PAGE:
The bathroom decorations are fun.  The Hubby took the picture on the left and the pic on the right is from the women’s room.  I think the women got cheated – we should have pictures of cafteria men or women glaring at us on the backs of bathroom doors while we pee!

I did not get a picture of the booths or the awesome walls covered in shag carpeting.  As I said earlier, our food was just meh.  But I love the ambiance and I’ll be back to try their evening fare, and definitely to check out the rooftop bar!  The Cafeteria seems like a great place to bring some friends for before or after dinner drinks!

What: Uptown Cafeteria and Support Group
Where: 3001 Hennepin Avenue Minneapolis, MN
When: Quiet brunch on the weekends, trendy crowds and yummy drinks in the evening.


Uno giorno fino a Italia!

One of the gorgeous cities of Cinque Terre

I’m going here, to Perugia

Uptown Cafeteria and Support Group

Time is way too one-directional.

This was my To Do List last night.

Make dinner.

I made this – Fancy Hot Dog Stroganoff from  I substituted quinoa for the egg noodles and added spinach.  This picture is from that site – My dinner was so yummy that it was all gone before I remembered that I wanted to snap a photo.

Change the litter box.


Research wireless routers and make a decision on which one to purchase.

Ah, technology.  How I take you for granted until you break.

Transplant my tomato plant, and also the parsley and chives.   Plant new lettuce and spinach seeds to replace the ones that drowned in last week’s summer deluge.

Done!  I can’t believe how much the tomato plant exploded!  This is my tomato plant on April 17th:

Practice my Italian.

Aprenda a hablar italiano.  Verb book, flashcards, iPod Italian language apps, Easy Italian workbook.  Crappy, blurry photo.

Update the biodork blog with Sunday’s Pride Parade post.

See this big empty rectangle?  That’s my Pride Parade post – no Pride pictures for you!   You get this post with me whining about how busy I was last night instead.  But I’ll have Pride pics on Thursday.

Start rereading Terry Pratchett’s The Color of Magic and be done in time for CONvergence on Thursday.  Come up with some costume-ish thing for Saturday night at CON.

240 pages – no problem!

Plan rail transport from Rome to Perugia for 7/19, book my scuba dive in Sorrento, go to the bank and let them know that I’m going to be using my credit card overseas so they don’t shut down my account while I’m in Italy, figure out where/when to exchange USD for Euros, figure out how to pack enough clothing for two weeks (allowing for trips to la lavanderia) in my tiny little backpack, and…and…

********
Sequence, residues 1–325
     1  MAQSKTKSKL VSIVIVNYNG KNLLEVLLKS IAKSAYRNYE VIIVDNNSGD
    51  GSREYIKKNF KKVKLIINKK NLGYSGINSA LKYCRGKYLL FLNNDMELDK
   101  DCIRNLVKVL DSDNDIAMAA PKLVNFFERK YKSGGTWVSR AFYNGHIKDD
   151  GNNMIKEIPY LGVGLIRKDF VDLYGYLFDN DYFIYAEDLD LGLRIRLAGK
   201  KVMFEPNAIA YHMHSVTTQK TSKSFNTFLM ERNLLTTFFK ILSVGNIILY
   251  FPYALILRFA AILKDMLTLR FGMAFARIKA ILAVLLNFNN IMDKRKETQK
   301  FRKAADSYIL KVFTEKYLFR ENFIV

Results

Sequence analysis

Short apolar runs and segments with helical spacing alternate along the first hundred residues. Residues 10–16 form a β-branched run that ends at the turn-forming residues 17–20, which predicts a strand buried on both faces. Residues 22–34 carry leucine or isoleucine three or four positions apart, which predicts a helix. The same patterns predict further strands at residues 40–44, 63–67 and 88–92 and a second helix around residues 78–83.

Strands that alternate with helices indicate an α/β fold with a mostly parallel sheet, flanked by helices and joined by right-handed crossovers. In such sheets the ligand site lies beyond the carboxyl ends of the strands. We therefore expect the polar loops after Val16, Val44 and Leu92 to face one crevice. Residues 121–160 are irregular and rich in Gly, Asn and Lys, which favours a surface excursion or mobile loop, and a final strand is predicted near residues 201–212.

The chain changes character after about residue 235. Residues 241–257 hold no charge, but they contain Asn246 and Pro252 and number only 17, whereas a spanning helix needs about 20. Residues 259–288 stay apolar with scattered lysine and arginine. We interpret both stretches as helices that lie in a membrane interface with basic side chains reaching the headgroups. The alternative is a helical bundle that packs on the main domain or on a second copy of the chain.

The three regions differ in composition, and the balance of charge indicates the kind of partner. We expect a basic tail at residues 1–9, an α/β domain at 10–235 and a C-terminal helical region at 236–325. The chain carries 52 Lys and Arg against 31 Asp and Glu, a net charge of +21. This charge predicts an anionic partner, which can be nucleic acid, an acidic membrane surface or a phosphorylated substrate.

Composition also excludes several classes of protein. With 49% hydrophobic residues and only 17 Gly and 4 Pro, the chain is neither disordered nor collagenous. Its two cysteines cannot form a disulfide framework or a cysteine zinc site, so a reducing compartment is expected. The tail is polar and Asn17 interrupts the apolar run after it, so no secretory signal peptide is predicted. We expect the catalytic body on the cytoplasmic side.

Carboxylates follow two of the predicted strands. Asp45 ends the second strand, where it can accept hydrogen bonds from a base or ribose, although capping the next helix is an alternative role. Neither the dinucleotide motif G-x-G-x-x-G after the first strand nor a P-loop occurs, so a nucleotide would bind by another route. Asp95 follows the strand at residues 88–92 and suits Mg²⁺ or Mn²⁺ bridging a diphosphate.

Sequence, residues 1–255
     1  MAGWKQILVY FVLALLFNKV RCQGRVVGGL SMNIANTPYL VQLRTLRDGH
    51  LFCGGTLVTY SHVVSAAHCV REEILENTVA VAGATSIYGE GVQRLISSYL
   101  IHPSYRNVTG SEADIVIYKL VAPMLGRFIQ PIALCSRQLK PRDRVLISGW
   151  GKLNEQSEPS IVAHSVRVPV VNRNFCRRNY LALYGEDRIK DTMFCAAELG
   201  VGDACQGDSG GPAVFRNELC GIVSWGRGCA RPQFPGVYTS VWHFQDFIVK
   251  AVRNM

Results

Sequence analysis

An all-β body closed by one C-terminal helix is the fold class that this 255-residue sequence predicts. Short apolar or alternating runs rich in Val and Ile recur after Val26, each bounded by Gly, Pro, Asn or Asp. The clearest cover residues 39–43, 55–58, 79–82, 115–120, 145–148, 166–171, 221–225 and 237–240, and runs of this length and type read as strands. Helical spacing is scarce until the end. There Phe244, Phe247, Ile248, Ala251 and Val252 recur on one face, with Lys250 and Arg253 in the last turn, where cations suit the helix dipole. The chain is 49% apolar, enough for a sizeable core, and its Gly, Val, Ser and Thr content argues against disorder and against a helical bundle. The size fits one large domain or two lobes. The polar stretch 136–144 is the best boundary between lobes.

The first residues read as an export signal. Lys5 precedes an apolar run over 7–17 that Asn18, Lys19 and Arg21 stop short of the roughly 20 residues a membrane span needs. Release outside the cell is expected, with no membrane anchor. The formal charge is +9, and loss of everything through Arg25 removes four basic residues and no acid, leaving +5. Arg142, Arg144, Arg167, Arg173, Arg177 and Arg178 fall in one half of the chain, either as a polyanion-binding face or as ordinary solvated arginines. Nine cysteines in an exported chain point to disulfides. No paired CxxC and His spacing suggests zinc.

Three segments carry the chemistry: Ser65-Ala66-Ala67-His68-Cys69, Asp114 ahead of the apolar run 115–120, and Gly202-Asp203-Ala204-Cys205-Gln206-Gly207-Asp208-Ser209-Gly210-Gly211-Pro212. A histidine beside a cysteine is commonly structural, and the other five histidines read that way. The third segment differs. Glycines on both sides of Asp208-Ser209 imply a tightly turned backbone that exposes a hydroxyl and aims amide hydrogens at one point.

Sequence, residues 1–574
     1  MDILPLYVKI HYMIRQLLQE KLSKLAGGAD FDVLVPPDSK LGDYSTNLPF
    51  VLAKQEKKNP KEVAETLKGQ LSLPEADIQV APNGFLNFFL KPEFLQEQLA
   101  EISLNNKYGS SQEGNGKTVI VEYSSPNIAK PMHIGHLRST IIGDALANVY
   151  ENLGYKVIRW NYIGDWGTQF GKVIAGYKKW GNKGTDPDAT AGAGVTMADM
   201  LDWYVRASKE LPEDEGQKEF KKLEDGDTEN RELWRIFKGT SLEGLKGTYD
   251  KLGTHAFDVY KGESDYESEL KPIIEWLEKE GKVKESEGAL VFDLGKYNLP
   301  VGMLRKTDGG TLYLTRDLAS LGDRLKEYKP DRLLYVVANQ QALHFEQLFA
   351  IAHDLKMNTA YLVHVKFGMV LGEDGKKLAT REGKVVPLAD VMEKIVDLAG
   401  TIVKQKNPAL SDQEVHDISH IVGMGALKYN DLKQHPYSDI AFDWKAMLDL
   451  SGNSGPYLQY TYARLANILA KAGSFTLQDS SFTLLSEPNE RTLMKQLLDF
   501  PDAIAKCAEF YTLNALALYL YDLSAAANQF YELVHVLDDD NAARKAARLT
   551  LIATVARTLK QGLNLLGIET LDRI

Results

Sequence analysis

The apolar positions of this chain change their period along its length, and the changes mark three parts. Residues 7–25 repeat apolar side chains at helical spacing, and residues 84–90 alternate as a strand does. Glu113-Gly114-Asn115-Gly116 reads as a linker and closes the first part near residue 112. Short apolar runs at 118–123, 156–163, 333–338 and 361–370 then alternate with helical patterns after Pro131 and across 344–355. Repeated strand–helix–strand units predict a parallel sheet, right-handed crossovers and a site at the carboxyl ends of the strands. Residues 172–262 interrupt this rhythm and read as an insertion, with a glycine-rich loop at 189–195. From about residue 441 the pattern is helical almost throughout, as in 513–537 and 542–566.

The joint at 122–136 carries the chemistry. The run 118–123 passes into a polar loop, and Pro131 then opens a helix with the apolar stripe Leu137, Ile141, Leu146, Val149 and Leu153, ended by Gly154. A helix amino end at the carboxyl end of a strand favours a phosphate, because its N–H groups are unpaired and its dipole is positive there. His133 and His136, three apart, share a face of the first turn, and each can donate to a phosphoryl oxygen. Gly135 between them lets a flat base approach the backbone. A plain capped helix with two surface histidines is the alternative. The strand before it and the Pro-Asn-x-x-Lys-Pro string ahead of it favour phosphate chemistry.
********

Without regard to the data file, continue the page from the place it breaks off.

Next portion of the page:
Okay, that last one was really all about making the list, rather than accomplishing everything on the list.


Time is way too one-directional.

Local Books and Food

I don’t always read the Minneapolis Star Tribune’s Metro section because it has a tendency to be depressing.  It seems like a lot of the stories are about local people involved in drunk driving crashes, child abuse cases, murders, robberies, scandals,  etc.  Yeah – go neighbors!

However, yesterday’s Metro had two inspiring stories – one on the James J. Hill Library in St. Paul, and the other about EBT being used at the Midtown Farmer’s Market in Minneapolis.

In the James J. Hill Library story, author Jean Hopfensperger introduces us to the James J. Hill library.  For some of her readers I’m sure it was a re-introduction, but I had never heard of the JJH Library in St. Paul.  And I love libraries!  Especially old libraries with leather chairs and lots of wood and marble accents like JJH Library has.  Look at how gorgeous this library is (source):


The library’s board of directors is renting out the space for conferences, music and art exhibits and weddings.  I found these pics in a google image search – gorgeous!

I can’t wait to get over to St. Paul and check this place out!


The other article was by Gail Rosenblum and it was all about the Midtown Farmer’s Market, located by the intersection of Lake Street and Hiawatha in south Minneapolis, and “Market Bucks” available for users of EBT.  EBT is what they used to call “food stamps”.  The USDA defines EBT as “an electronic system that allows a recipient to authorize transfer of their government benefits from a Federal account to a retailer account to pay for products received.”

So low income families can go to Minneapolis Farmers’ Markets and use their EBT to buy groceries, just like they can at most retail grocers.  The Minneapolis and Northeast Farmers’ Markets also accept EBT, but Midtown is offering an additional benefit: For the first $5 spent in EBT, a user will be given $5 additional “Market Bucks” that they can use to purchase additional food!  The program isn’t funded by taxpayer money, but by Blue Cross and Blue Shield of Minnesota.  From the article: